SAN FRANCISCO -- Netflix began selling its Internet video service in Cuba Monday in what appears to be a largely symbolic move driven by the recent loosening of U.S. restrictions on doing business with the communist-run island.
The expansion probably will generate more publicity for Netflix Inc. than new subscribers because only a small fraction of people living in or visiting Cuba have the high-speed Internet access needed to stream movies and TV shows.
The audience with fast enough Internet service to get Netflix consists primarily of international executives, foreign media workers and high-ranking government officials. Many more Cubans have access to relatively fast internet connections if they work for state businesses authorized to have the service, but their online activities are monitored. Streaming videos at work is among the activities that could trigger disciplinary action.
Most Cuban incomes are meager, too, making Netflix's $8-per-month service an unaffordable luxury for most of the island's 11 million residents. A ban on making U.S. payments also remains in effect, requiring anyone in Cuba who wants to subscribe to Netflix to set up an international payment method.
Credit card use by Cubans is virtually unknown, though both MasterCard and American Express recently announced plans to begin processing payments by their U.S. card holders while visiting the island.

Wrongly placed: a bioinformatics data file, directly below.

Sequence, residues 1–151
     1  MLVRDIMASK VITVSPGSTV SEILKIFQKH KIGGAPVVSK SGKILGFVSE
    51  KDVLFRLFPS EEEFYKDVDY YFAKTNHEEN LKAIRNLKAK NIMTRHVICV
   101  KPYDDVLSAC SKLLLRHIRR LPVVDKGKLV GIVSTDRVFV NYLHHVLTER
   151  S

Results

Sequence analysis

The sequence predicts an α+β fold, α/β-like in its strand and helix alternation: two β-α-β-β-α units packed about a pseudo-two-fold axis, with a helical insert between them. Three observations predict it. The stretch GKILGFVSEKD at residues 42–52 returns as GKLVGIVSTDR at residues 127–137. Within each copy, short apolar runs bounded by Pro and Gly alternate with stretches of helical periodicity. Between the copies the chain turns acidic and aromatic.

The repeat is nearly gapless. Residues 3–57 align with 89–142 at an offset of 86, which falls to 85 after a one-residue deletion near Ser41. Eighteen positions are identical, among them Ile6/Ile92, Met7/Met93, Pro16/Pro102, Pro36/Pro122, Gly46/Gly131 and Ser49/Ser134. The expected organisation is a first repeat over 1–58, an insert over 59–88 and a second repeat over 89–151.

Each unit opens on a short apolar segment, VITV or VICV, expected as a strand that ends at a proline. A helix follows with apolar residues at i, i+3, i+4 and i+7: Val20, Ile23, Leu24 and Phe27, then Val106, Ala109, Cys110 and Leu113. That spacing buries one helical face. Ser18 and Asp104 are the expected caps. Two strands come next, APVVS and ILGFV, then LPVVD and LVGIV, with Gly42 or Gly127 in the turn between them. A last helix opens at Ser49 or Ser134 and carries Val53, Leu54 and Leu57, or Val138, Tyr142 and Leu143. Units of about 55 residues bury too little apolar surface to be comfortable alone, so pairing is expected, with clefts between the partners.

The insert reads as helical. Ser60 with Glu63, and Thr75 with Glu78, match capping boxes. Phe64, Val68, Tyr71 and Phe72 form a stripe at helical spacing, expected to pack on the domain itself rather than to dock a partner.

Despite those obstacles, Netflix evidently wants to establish a toehold on Cuba now with the hope that Internet service will improve, household incomes will rise and diplomatic relations with the U.S. will continue to thaw. Moving into Cuba isn't likely to cost Netflix a significant amount, given that the Los Gatos, California, company already has been programming for Spanish-speaking audiences since expanding into dozens of Latin America countries in 2011.
Netflix now has more than 5 million subscribers in Latin America, accounting for nearly 10 percent of its 57 million customers worldwide. About 39 million of those subscribers are in the U.S, but Netflix is now experiencing its fastest growth internationally.
Things have been going so well internationally that Netflix CEO Reed Hastings plans to complete the company's expansion outside the U.S. by the end of next year. By then, Netflix expects to be streaming in 200 countries, including China, if the company can get the necessary approvals.
Investors apparently don't view Cuba as a particularly promising market for Netflix. The company's stock dipped 85 cents to $443.51 in afternoon trading Monday.
Only about 27 percent of Cuba's population currently has access to the Internet, according to Internet Live Stats, which uses information from the International Telecommunication Union, the United Nations and the World Bank to estimate the world's Internet users. Another estimate by the group Freedom House puts Cuba's Internet availability at just 5 percent of the population.
Much of Cuba's Web surfing occurs in hotels or government internet centers with connections too slow to stream videos. That kind of access typically costs $4.50 per hour or about a quarter of the normal monthly wage. Most Cubans currently use the Internet time to email friends and relatives abroad.
Hundreds of thousands of Cubans entertain themselves by sampling a wide range of U.S., Spanish and Latin American films and television series copied onto DVDs and USB memory drives. The pirated content makes it possible to watch an entire season of a TV series for as little as $1.
Netflix brings its streaming video service to Cuba